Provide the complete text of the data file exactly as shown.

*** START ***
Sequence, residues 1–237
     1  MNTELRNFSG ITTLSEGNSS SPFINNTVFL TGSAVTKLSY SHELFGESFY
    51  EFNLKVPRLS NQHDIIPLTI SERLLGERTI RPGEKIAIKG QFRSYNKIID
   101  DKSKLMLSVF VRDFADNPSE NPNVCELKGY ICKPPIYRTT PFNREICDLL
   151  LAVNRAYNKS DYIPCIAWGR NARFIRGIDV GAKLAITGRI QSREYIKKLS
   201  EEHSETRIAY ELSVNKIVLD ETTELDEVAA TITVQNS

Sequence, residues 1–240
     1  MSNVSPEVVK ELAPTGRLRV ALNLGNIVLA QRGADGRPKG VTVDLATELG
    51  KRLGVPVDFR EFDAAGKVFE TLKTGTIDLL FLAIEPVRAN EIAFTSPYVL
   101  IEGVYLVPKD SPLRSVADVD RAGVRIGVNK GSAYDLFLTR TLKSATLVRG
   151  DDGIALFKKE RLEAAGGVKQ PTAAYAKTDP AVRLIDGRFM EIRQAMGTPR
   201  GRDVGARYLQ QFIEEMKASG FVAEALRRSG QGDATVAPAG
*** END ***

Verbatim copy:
Sequence, residues 1–237
     1  MNTELRNFSG ITTLSEGNSS SPFINNTVFL TGSAVTKLSY SHELFGESFY
    51  EFNLKVPRLS NQHDIIPLTI SERLLGERTI RPGEKIAIKG QFRSYNKIID
   101  DKSKLMLSVF VRDFADNPSE NPNVCELKGY ICKPPIYRTT PFNREICDLL
   151  LAVNRAYNKS DYIPCIAWGR NARFIRGIDV GAKLAITGRI QSREYIKKLS
   201  EEHSETRIAY ELSVNKIVLD ETTELDEVAA TITVQNS

Sequence, residues 1–240
     1  MSNVSPEVVK ELAPTGRLRV ALNLGNIVLA QRGADGRPKG VTVDLATELG
    51  KRLGVPVDFR EFDAAGKVFE TLKTGTIDLL FLAIEPVRAN EIAFTSPYVL
   101  IEGVYLVPKD SPLRSVADVD RAGVRIGVNK GSAYDLFLTR TLKSATLVRG
   151  DDGIALFKKE RLEAAGGVKQ PTAAYAKTDP AVRLIDGRFM EIRQAMGTPR
   201  GRDVGARYLQ QFIEEMKASG FVAEALRRSG QGDATVAPAG